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A systematic review of interventions to promote physical activity in six Gulf countries

Lookup NU author(s): Dr Fiona PearsonORCiD



This work is licensed under a Creative Commons Attribution 4.0 International License (CC BY 4.0).


© 2021 Nash et al. This is an open access article distributed under the terms of the Creative Commons Attribution License, which permits unrestricted use, distribution, and reproduction in any medium, provided the original author and source are credited.Physical activity (PA) levels are low in Gulf Cooperation Council countries (GCC; Bahrain, Kuwait, Oman, Qatar, Saudi Arabia, United Arab Emirates). We carried out a systematic review (PROSPERO registration number 131817) to assess the effect of interventions to increase PA levels in this region. We also assessed their effects on anthropometry and cardiovascular risk. A systematic search of six databases (Medline, EMBASE, SPORTDiscus, CINAHL, Cochrane, Web of Science) was performed to identify randomized and non-randomized intervention studies performed in adults and children published between January 1985 and November 2020. We included studies published in English or Arabic, and included PA interventions regardless of setting, delivery, and duration. The primary outcomes were changes in PA duration and intensity. Secondary outcomes included anthropometric measures (e.g., weight, body mass index) and cardiovascular risk profiles (e.g., lipid measures, blood glucose). Two independent reviewers screened studies in accordance with pre-determined criteria, extracted data, assessed risk of bias (Cochrane Risk of Bias 2 and Newcastle Ottawa Scale) and undertook a narrative synthesis. From 13,026 records identified, 14 studies were included. Nine studies focussed exclusively on changing PA behaviour, resulting in statistically significant increases in step count ranging from an additional 757 steps/day (95% confidence interval [CI] 0–1,513) to 3,853 steps/day (95% CI 3,703–4,002). Five identified studies were multi-component lifestyle interventions, targeting people at higher risk (due to obesity or type 2 diabetes). Evidence for increases in PA from multi-component studies was limited, although improvements were seen in outcomes e.g. body weight and blood lipid levels. In conclusion, relatively few studies have focussed on changing PA behaviour, despite the urgent need in the GCC. Limited evidence suggested that pedometer-based programmes encouraging step counting and walking were effective in promoting PA, at least in the short term. Policies to roll out such interventions should be implemented and evaluated.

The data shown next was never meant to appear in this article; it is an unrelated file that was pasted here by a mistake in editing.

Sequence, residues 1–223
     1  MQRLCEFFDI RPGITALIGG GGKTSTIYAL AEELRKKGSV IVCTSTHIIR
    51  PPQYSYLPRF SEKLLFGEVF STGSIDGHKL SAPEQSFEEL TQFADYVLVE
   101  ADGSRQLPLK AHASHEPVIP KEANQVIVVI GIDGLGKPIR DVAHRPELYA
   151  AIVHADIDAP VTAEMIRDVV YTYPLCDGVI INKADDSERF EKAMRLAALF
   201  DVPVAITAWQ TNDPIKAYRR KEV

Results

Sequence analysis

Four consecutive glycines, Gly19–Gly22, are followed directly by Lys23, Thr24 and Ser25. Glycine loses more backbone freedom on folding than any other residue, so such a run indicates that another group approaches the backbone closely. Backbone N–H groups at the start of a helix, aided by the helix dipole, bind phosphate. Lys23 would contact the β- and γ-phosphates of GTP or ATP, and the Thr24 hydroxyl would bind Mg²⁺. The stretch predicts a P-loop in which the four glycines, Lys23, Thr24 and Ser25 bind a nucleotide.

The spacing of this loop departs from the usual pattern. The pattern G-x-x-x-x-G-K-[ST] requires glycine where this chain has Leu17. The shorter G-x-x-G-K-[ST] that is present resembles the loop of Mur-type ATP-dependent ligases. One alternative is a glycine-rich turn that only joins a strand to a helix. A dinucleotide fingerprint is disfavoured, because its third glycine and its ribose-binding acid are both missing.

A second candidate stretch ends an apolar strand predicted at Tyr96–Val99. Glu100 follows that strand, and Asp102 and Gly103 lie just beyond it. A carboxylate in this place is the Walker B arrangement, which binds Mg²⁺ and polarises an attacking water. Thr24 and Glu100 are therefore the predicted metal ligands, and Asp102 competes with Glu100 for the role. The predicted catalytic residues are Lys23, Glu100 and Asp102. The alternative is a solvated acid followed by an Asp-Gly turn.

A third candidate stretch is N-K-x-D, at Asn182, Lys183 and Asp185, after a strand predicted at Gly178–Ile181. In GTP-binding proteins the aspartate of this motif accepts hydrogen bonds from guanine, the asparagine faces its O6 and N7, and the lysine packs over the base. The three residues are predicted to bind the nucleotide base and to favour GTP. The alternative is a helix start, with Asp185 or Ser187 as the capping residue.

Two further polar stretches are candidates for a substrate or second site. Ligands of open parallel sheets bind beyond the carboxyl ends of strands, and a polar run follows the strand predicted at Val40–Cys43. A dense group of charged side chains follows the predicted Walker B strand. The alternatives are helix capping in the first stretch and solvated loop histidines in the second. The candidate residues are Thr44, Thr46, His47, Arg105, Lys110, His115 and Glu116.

Publication metadata

Author(s): Nash EA, Critchley JA, Pearson F, Awad SF, Abu-Raddad LJ, Abu-Hijleh FM, Huangfu P

Publication type: Review

Publication status: Published

Journal: PLoS One

Year: 2021

Volume: 16

Issue: 10

Print publication date: 01/10/2021

Online publication date: 28/10/2021

Acceptance date: 11/10/2021

ISSN (electronic): 1932-6203

Publisher: Public Library of Science


DOI: 10.1371/journal.pone.0259058